Do You Have a 'Right to Be Forgotten' From Google?

By Daniel Taylor, Esq. on June 08, 2014 | Last updated on March 21, 2019

The Internet never forgets. But the Internet's largest search engine Google soon might, after a European privacy court ruled that citizens of particular European countries have a "right to be forgotten" from search results.

In response to the ruling, CNET reports that Google has created an online form by which users can request that links be removed from search listings.

How does the form work, and who can now invoke this new online right?

Invoking the 'Right to Be Forgotten'

With the online form created by Google, users can now request that search results which are "inadequate, irrelevant or no longer relevant, or excessive in relation to the purposes for which they were processed" be removed from search results.

Users fill out the form, including their name, contact info, the URL of the disputed search result and the reason why they think the result should be removed. Google also asks for documents that will verify the ID of the person making the request.

Each request will be evaluated individually -- a process which the form promises will begin "as soon as possible."

Does This Apply to Americans Too?

Unfortunately for Americans looking to clear up some unwanted Google results, for now the new "right to be forgotten" policy only applies to citizens of the 28 European Union countries as well as Norway, Switzerland, Iceland, and Liechtenstein.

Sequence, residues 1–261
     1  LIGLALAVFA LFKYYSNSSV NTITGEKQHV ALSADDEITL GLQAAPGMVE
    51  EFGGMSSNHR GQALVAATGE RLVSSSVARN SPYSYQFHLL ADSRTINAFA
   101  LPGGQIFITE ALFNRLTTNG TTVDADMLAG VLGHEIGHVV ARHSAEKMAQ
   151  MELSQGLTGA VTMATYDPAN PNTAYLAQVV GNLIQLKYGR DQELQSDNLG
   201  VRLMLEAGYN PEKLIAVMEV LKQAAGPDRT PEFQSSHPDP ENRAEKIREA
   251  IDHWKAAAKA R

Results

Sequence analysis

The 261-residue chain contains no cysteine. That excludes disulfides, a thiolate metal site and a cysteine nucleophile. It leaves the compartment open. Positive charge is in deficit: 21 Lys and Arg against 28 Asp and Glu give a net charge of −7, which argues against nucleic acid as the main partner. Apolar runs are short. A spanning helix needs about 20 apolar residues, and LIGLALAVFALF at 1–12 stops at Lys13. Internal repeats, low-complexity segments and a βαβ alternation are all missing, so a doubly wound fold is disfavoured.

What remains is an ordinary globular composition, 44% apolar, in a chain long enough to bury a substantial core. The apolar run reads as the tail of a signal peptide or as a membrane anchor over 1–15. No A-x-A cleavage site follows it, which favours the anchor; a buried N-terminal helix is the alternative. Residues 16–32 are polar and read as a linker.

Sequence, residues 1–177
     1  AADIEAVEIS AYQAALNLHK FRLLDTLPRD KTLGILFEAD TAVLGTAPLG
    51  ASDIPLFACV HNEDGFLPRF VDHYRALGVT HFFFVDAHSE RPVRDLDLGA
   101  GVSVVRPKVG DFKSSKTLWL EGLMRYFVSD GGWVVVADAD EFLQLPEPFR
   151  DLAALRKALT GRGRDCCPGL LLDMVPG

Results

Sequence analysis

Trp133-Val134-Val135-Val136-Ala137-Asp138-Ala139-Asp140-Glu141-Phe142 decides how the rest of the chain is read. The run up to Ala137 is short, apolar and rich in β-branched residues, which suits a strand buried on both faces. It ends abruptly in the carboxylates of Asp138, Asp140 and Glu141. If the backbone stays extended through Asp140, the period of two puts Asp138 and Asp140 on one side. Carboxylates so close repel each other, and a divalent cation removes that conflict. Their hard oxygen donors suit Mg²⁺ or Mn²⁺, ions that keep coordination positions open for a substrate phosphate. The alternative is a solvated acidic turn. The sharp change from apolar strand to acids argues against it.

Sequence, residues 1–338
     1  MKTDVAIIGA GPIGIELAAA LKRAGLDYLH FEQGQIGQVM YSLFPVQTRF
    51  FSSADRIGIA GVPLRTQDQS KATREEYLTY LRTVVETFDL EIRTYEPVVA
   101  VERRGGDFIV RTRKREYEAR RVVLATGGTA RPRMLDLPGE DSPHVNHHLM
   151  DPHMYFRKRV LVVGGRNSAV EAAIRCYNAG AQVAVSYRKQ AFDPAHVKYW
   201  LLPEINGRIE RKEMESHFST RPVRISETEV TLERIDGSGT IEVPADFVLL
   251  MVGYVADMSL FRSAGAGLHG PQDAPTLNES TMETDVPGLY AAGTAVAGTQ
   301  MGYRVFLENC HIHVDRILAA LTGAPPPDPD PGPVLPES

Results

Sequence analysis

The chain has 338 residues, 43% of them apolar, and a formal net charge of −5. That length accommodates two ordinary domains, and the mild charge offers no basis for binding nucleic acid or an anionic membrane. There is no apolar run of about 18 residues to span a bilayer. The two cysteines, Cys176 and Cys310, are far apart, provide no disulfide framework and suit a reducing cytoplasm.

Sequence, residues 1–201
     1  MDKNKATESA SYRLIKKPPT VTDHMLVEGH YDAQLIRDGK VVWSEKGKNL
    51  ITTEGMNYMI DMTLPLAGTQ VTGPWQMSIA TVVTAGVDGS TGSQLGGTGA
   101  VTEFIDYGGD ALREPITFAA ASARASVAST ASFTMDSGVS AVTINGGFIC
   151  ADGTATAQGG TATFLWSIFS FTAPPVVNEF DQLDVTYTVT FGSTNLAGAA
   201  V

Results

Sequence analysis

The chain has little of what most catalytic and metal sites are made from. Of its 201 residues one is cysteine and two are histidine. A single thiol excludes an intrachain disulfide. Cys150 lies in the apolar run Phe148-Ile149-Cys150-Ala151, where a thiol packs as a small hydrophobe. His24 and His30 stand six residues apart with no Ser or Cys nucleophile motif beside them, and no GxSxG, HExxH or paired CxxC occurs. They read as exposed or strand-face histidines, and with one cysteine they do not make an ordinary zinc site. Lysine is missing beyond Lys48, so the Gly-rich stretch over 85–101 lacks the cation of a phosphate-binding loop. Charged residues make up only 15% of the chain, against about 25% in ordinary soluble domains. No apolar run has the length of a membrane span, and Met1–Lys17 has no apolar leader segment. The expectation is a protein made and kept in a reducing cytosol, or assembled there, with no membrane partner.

Moreover, according to Search Engine Land, the results will only be removed from European country-specific versions of Google. Users in countries where results are blocked will still be able to use the American version of Google to view any removed results.

Removal Disclosure

Comparing the filtered European results with the unfiltered American Google results will be made easier thanks to a prominent disclosure notice that will appear at the bottom of searches where search results have been removed. Google may also notify the publishers of websites whose results have been removed.

Google's form does note that this is an "initial effort." But Americans waiting for a similar "right to be forgotten" to be applied to domestic search results may not want to hold their breath.

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